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Q108P

Expert-verifiedFound in: Page 1115

Book edition
10th Edition

Author(s)
David Halliday

Pages
1328 pages

ISBN
9781118230718

**White light (consisting of wavelengths from ${\mathbf{400}}{\mathbf{}}{\mathit{n}}{\mathit{m}}$ to ${\mathbf{700}}{\mathbf{}}{\mathit{n}}{\mathit{m}}$ ) is normally incident on a grating. Show that, no matter what the value of the grating spacing ${\mathit{d}}$ , the second order and third order overlap.**

It is proved no matter what the value of the grating spacing ** $d$**, the second order and third order overlap.

White light has wavelengths between

${\lambda}_{1}=400nm$

${\lambda}_{2}=700nm$

**An optical element with a periodic structure that divides light into a number of beams that move in diverse directions is known as a diffraction grating. **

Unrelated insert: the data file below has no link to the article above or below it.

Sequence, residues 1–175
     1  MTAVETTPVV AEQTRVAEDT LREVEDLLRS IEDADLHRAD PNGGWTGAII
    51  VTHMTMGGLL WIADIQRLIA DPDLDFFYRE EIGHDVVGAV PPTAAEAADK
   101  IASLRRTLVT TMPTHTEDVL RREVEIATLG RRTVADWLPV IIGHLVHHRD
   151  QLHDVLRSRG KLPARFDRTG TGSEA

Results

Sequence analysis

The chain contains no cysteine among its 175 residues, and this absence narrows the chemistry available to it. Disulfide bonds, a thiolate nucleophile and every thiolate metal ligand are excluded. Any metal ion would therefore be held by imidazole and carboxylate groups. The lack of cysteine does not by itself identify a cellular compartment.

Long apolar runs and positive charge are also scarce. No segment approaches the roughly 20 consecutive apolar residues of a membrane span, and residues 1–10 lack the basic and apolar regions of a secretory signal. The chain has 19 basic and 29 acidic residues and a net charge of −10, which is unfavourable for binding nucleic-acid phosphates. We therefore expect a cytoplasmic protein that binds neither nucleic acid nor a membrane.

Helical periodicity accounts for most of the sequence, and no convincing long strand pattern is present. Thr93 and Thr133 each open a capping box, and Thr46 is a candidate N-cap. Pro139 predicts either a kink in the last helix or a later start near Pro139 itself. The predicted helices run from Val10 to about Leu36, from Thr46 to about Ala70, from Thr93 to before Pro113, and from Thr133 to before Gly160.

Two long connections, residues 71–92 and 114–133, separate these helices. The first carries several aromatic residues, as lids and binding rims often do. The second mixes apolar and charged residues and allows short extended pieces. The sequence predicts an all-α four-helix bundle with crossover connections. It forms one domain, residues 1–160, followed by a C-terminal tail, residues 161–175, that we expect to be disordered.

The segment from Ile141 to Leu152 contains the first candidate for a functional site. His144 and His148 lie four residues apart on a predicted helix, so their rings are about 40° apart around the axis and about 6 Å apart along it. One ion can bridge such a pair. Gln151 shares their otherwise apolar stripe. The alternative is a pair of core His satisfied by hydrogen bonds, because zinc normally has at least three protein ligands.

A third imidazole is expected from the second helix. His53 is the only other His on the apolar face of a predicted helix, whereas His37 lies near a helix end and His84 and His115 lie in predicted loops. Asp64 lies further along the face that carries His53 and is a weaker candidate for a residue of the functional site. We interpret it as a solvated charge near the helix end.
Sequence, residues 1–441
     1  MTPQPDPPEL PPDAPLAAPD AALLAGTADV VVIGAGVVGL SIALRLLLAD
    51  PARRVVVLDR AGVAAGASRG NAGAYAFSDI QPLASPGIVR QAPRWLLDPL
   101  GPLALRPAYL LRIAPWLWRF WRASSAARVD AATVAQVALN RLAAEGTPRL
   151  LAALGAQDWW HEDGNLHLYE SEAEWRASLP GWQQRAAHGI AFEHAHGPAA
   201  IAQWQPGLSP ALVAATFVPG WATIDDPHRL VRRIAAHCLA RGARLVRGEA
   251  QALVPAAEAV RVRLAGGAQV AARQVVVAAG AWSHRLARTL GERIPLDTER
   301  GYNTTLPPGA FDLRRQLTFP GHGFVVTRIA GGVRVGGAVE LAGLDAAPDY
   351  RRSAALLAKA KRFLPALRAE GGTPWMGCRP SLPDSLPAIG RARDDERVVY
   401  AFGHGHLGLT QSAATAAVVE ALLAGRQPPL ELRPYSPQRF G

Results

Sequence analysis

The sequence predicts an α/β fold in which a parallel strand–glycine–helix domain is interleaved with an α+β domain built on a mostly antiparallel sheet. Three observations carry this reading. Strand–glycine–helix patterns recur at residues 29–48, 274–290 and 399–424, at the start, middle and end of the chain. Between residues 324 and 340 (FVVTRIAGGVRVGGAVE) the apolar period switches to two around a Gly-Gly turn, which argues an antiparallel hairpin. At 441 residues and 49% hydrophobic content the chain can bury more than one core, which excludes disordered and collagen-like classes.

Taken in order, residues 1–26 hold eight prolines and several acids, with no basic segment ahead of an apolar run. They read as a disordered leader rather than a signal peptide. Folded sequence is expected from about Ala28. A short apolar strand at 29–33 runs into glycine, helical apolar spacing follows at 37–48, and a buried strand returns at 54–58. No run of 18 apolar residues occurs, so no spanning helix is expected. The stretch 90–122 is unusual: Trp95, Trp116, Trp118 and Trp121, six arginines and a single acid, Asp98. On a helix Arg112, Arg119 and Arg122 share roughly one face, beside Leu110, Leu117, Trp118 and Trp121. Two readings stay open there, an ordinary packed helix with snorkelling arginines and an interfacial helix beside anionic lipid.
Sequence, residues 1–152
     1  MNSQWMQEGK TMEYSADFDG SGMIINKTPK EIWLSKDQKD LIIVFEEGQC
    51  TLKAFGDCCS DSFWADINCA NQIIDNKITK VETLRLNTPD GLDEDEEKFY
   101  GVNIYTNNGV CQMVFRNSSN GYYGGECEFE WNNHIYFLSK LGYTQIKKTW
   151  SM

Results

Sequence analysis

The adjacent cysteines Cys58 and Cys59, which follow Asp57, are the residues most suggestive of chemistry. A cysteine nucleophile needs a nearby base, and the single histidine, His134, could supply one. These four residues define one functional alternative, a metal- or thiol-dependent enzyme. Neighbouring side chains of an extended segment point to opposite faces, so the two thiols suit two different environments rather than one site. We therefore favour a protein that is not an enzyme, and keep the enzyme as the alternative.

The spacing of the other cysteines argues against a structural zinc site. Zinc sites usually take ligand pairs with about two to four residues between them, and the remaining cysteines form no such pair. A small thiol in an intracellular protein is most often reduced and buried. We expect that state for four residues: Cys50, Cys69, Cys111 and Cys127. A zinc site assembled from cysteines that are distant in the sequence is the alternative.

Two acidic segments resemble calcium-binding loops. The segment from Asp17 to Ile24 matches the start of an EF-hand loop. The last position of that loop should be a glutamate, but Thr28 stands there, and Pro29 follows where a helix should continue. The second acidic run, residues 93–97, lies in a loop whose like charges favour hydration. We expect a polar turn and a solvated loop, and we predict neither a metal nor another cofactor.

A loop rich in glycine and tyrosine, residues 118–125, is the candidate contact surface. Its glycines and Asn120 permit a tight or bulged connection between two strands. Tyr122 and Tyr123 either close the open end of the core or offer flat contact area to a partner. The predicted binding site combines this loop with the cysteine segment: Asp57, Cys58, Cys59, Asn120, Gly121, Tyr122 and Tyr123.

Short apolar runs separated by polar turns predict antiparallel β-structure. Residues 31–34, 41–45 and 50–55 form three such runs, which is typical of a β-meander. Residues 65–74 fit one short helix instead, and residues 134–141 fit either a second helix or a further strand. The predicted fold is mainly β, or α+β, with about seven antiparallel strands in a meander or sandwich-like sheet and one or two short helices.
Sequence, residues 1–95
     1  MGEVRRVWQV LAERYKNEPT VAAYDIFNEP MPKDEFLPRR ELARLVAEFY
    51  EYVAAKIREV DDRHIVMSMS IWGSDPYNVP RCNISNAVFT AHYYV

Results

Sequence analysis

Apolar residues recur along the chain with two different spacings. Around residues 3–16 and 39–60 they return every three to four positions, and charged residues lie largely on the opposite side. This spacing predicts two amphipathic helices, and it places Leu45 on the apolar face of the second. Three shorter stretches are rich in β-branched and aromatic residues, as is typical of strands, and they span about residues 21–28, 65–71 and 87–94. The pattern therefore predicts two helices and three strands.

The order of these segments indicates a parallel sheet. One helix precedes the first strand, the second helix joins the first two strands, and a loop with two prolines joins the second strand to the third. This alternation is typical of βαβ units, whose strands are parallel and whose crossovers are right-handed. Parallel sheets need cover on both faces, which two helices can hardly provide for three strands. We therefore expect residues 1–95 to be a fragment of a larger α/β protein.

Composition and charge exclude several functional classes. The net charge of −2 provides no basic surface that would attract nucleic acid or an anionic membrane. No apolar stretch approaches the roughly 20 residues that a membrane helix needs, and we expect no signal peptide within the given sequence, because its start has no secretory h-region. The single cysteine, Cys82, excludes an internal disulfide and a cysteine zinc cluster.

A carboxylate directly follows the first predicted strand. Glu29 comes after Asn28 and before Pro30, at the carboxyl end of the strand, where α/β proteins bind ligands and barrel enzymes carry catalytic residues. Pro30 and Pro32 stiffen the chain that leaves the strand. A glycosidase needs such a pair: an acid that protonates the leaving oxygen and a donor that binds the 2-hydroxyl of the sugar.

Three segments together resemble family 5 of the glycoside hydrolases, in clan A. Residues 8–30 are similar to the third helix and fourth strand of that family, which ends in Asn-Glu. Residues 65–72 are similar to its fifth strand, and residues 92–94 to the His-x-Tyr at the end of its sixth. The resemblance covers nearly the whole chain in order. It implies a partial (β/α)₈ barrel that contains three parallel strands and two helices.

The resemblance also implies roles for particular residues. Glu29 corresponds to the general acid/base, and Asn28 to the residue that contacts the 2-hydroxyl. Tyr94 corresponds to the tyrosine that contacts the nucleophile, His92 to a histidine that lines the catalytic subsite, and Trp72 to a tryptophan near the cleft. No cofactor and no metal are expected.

The angular distance of the ${m}_{th}$ order diffraction maxima is given by

${\mathit{d}}{\mathit{s}}{\mathit{i}}{\mathit{n}}{\mathit{\theta}}{\mathbf{=}}{\mathit{m}}{\mathit{\lambda}}$ …(i)

Here, $\lambda $is the wavelength of the incident light and $d$ is the separation between two lines in the grating.

From equation (i) the angular distance of second order maxima from ${\lambda}_{2}$ is

$\begin{array}{l}dsin{\theta}_{2}=2x70\mathrm{mmm}\\ sin{\theta}_{2}=\frac{1400\mathrm{mm}}{d}\end{array}$

From equation (i) the angular distance of third order maxima from ${\lambda}_{1}$ is

$\begin{array}{l}dsin{\theta}_{3}=3x400\mathrm{mm}\\ sin{\theta}_{3}=\frac{1200\mathrm{mm}}{d}\end{array}$

Thus

$\mathrm{sin}{\theta}_{2}>\mathrm{sin}{\theta}_{3}$

Hence the angular distance of a part of the second order from white light is greater than the angular distance of a part of the third order. Thus the second and third order overlap.

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